Zionsville Times Sentinel

There are two things I will never eat again as long as I live: wax beans and SPAM. I ate my lifetime quota of both back in the Dark Ages of My Youth.

We always had a big vegetable garden back then. Everybody did, and Mom canned everything. During both the crippling Depression and the shortages of the war that followed, it was the only way to provide enough food for your family.

In our garden the most prolific crop was wax beans. They grew and produced like nothing else I’ve ever seen. Every year Mom put up at least 40 quarts of the things. By the end of winter we were gagging at just about every meal.

SPAM showed up on our table during the early years of the war and quickly became a staple in our diet. It was called “the miracle meat” because it needed no refrigeration. The stuff was created by Hormel, Inc., a meat-packing plant located on the dreary snow-blown plains of Austin, Minn.

Hormel had created America’s first canned meat back in 1926, a product called Hormel-Flavor Sealed Ham. A good idea, but one that still had to be refrigerated and was prone to spoil.

In 1937, the company introduced a canned meat that could sit on the shelf for months without refrigeration and never spoil. They called it Hormel Spiced Ham. Later, they sponsored a contest for a catchy name for the stuff. The winning entry was SPAM, a contraction of Spiced Ham.

SPAM couldn’t have come along at a better time. When the war broke out, the military ordered field rations built around single-serving cans of SPAM. Tons of the product were shipped overseas. Soviet Premier Nikita Kruschev declared that SPAM was responsible for the survival of the Russian Army during World War II.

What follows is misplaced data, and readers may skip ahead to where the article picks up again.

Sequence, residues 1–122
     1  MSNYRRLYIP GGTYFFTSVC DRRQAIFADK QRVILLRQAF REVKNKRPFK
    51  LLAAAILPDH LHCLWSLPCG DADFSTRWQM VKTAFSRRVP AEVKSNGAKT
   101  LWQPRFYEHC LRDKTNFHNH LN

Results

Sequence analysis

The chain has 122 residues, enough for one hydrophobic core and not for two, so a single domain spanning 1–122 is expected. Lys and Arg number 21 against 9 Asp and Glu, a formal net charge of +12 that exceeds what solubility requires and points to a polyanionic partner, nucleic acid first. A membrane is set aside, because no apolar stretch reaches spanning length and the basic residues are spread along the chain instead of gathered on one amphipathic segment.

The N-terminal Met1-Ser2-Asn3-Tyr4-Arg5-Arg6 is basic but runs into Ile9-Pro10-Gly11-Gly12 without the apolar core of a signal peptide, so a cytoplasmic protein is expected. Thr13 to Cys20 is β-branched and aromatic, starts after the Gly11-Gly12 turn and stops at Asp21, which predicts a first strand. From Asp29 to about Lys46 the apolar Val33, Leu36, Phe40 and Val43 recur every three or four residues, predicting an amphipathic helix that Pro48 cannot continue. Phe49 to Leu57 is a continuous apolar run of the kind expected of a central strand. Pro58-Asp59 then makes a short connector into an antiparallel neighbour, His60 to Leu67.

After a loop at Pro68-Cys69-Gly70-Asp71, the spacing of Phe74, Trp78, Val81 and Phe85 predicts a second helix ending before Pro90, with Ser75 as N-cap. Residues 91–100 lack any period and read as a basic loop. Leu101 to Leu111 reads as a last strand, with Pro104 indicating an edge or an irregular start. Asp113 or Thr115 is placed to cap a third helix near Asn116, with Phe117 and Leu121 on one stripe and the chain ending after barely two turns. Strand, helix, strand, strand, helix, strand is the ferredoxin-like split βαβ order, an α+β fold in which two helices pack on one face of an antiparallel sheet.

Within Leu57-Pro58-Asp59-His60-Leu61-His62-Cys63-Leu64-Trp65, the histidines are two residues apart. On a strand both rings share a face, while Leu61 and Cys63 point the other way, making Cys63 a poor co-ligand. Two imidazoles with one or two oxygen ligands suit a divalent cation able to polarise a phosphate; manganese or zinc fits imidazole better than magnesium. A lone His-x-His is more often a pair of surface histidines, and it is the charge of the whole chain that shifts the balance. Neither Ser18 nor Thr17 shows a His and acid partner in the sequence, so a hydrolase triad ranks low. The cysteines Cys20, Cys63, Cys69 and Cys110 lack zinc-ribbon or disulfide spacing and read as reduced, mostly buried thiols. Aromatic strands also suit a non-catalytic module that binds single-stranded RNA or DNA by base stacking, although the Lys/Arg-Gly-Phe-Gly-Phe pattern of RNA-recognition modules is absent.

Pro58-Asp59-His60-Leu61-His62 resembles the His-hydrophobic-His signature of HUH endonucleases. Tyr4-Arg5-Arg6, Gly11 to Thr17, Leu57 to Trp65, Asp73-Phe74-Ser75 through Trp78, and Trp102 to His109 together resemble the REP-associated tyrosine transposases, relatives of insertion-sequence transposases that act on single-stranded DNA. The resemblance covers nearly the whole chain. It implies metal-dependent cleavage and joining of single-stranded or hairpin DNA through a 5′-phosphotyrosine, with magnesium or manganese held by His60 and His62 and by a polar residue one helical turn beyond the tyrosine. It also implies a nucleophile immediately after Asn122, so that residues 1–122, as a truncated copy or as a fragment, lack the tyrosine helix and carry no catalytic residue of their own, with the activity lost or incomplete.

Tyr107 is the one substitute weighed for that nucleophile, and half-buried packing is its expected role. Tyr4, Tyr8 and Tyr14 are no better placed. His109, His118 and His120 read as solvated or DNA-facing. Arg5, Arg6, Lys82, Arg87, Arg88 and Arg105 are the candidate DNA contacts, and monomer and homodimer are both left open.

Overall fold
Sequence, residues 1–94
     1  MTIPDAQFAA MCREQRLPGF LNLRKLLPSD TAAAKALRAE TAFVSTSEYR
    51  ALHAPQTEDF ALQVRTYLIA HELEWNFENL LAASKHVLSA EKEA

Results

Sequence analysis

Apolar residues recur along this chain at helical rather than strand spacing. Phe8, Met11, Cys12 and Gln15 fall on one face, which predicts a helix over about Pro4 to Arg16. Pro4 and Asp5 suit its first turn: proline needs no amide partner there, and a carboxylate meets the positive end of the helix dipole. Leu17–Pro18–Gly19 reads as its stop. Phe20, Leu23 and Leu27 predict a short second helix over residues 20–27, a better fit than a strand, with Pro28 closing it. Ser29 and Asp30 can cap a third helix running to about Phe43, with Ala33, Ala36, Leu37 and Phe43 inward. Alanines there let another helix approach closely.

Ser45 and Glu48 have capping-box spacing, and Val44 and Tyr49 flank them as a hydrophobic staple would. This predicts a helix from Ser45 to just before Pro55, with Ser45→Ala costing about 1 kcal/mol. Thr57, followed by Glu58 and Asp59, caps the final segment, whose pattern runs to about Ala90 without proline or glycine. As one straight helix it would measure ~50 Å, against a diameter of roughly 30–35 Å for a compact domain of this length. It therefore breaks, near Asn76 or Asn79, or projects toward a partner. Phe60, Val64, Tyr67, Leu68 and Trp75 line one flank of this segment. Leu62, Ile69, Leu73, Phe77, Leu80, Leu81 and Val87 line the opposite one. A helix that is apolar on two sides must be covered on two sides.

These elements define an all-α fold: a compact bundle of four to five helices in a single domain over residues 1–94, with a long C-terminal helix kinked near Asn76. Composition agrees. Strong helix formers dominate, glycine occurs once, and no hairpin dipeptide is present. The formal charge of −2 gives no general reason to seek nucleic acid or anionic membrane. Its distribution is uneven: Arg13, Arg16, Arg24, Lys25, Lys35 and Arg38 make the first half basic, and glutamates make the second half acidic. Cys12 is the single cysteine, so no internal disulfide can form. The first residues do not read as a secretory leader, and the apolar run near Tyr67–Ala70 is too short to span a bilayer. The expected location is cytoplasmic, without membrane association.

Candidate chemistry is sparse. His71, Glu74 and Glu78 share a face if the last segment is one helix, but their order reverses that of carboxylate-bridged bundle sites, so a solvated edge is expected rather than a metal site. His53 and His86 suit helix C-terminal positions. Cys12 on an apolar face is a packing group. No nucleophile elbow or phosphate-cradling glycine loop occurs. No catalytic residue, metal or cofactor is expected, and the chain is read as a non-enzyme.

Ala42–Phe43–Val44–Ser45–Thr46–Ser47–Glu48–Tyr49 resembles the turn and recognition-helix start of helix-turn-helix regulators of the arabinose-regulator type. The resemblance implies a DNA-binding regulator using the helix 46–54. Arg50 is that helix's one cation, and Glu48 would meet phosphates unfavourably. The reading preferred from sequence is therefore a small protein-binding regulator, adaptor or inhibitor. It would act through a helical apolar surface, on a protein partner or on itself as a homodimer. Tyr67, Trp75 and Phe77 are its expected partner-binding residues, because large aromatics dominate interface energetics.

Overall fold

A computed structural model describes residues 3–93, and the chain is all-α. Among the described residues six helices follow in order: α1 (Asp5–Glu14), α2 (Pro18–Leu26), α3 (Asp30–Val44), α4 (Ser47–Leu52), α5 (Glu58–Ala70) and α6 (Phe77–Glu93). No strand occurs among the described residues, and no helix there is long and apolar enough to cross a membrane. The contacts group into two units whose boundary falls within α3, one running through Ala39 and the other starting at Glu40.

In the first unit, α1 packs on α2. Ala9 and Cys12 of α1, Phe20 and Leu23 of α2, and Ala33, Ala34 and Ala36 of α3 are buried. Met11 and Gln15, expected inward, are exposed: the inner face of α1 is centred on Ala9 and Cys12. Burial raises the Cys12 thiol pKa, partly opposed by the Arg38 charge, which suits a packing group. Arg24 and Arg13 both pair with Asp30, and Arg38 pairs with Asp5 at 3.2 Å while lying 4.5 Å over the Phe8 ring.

I guess there was something patriotic about eating SPAM, but that is not why we ate it. We had SPAM at least four times a week because it was inexpensive and it wasn’t rationed. During the war every family was issued ration books filled with different colored coupons. Blue points were for canned goods and vegetables, green points were for dry goods, I think, and red points were redeemable for fresh meat.

No one could survive on what they could get with their ration points alone. Victory Gardens made up the deficit in vegetables, and SPAM provided the extra meat.

SPAM is made from pork, which should be tasty. But by the time it’s processed and canned it takes on a flavor that defies description. They claimed it wouldn’t spoil, but my sister and I became convinced it tasted the way it did because it had already spoiled.

The flavor was so prominent that nothing you did to it could mask it. Mom baked it like a miniature ham, fried it in slices, diced it with vegetables, and once she even created an ill-fated bean soup with chopped SPAM. That was the only dish we threw out after a single taste.

In 1946, the last batch of Mom’s wax beans spoiled and we held a jubilant celebration in the back yard while dumping and burying some 30 quarts of them. Since then I don’t recall ever seeing a wax bean.

I would have thought SPAM would have suffered a similar fate. Yet, even after the war ended and fresh meats replenished our grocery stores, SPAM marched on. It was the subject of the first singing commercial on the radio in the late 1940s: “SPAM, SPAM, SPAM … the miracle meat in a can …”

SPAM sponsored the George Burns and Gracie Allen radio show, and in the 1950s Hormel sponsored a traveling entertainment troupe called the Hormel Girls. In the 1960s, the company introduced 7-ounce cans of the stuff and later came out with a smoke-flavored variety and finally a low-sodium SPAM.

And just last week Hormel announced a new spurt in SPAM sales. Why? Escalating food prices perhaps. SPAM is still cheap.

But it’s still SPAM.

Ward Degler is a Zionsville writer and artist. E-mail him at

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